Kayla and the prince started prepping for the Thriller party around five on Saturday afternoon. First, Kayla told Lindy the appetizers were all 80’s inspired, but she kept ordering her out of the kitchen because she wanted it to be a surprise, so Lindy went to take a long bath and get dressed.

            “Surprise,” Lindy said when she popped out of her bedroom an hour later. She had on matching red faux leather pants and jacket. She’d spent a long time doing her Cleopatra eyes, and her hair was jelled up into a perfect eighties do, with one greased corkscrew on her forehead.

            “Wow,” Kayla said.

            The prince laughed, but in a nice way. “Cinderella has arrived for the ball.” He kissed her hand.

            There was still an hour until the party started. Lindy decided to pour herself a drink from the pitcher she’d prepared. Kayla pretended to gag and even the prince winced when she told them it was called an Orgasm.

            By nine Kayla and the prince had the trays ready to go. Lindy relaxed on the couch, sipping her orgasm. At nine-thirty no one had arrived. “Fashionably late,” Lindy called into the kitchen. Kayla brought out a tasting plate for Lindy. On it, two popcorn shrimp, two Buffalo wings, some ruffled potato chips with sour cream onion dip, and a little pot of chocolate fondue with skewered mini-marshmallows.   Kayla watched while Lindy tasted everything.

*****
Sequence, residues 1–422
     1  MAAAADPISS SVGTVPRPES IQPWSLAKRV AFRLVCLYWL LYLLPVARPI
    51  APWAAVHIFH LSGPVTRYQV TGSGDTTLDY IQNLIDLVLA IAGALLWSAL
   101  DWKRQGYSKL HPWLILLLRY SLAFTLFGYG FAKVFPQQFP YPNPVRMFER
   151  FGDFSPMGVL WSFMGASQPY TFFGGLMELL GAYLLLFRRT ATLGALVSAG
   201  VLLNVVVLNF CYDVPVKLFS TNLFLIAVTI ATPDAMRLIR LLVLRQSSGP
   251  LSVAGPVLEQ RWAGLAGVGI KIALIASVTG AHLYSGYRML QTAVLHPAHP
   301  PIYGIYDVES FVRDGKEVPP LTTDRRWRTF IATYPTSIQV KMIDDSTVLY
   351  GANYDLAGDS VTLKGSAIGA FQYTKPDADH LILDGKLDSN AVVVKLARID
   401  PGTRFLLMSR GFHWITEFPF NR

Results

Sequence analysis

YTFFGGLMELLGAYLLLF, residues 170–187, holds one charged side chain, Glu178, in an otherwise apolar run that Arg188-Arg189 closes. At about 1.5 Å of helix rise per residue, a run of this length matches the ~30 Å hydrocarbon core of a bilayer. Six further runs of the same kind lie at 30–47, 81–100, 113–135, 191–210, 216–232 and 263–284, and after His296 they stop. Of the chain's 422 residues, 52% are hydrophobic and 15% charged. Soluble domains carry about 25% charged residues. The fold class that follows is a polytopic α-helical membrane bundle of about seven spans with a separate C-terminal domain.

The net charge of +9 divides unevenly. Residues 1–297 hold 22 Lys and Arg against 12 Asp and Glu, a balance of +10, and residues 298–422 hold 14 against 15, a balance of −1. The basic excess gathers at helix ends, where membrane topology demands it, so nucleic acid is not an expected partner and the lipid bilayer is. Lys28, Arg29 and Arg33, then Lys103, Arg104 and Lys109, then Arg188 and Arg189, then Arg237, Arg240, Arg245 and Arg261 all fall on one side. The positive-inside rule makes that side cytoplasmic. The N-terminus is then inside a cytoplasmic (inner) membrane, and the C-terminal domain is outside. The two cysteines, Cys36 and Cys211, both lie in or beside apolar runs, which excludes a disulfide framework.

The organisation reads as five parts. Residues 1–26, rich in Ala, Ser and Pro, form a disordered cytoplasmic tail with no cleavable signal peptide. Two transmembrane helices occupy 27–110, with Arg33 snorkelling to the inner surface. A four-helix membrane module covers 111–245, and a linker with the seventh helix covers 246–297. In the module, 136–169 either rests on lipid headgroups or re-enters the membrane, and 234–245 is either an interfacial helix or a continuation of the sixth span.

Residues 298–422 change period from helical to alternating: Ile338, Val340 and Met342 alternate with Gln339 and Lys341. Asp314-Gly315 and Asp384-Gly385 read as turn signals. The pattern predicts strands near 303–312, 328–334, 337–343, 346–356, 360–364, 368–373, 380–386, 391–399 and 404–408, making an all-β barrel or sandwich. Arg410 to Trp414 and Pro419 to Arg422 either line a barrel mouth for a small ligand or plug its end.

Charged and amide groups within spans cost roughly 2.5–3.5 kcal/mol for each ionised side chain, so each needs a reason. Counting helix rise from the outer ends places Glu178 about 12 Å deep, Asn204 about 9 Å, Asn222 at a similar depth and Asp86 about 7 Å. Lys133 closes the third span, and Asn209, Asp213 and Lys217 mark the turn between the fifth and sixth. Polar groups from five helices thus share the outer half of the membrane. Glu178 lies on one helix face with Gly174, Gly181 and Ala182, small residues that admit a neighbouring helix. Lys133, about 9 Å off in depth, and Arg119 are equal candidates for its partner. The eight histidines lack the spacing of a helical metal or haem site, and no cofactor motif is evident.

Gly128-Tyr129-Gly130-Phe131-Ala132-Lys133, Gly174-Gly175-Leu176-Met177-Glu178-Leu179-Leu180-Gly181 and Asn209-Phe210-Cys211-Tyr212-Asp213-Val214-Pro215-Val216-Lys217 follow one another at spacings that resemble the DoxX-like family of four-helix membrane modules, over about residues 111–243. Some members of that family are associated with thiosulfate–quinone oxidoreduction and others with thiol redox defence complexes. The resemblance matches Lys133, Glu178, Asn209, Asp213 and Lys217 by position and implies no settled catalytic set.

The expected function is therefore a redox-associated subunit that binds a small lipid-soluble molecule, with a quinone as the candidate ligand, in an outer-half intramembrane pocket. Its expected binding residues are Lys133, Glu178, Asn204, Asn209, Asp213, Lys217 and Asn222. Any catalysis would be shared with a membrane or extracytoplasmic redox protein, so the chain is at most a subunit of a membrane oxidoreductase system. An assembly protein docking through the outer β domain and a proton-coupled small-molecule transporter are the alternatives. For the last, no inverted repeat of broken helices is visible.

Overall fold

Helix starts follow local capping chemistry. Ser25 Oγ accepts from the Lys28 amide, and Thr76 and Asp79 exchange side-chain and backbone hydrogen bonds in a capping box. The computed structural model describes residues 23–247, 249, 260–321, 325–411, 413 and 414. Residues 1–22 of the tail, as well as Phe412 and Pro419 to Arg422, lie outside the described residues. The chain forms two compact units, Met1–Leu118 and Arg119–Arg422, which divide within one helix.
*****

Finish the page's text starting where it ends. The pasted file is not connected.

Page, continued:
At ten pm Kayla said, “How many people RSVP’d?”

             “Two of my friends wrote that they couldn’t come, and one said she’d try. I didn’t hear from anyone else, but there was no RSVP, anyway,” Lindy said.

            Kayla looked dangerous. “Why didn’t you ask people to RSVP? Why?”

            “Let’s just see who shows up. I invited this doctor--”

            Kayla rolled her eyes. “You know who killed Michael Jackson, right?”

            “Did you ever see Butch Cassidy and The Sundance Kid?” Lindy asked.

            “Sure,” the prince said. “The one where the two dudes are totally surrounded but refuse to give up and then they die. That’s a downer.”

            Kayla and the prince put the popcorn shrimp in the oven on warm and the dip in the fridge and covered the sterno for the fondue.

            At ten-thirty the phone rang. Kayla picked it up.

            --“That’s okay, Dad, I didn’t even know you were invited.”

            --“Dad, stop apologizing, no one wanted you to come, anyway.”

            --“I’m just saying.”

             Kayla dropped the phone onto the coffee table and stalked into the kitchen.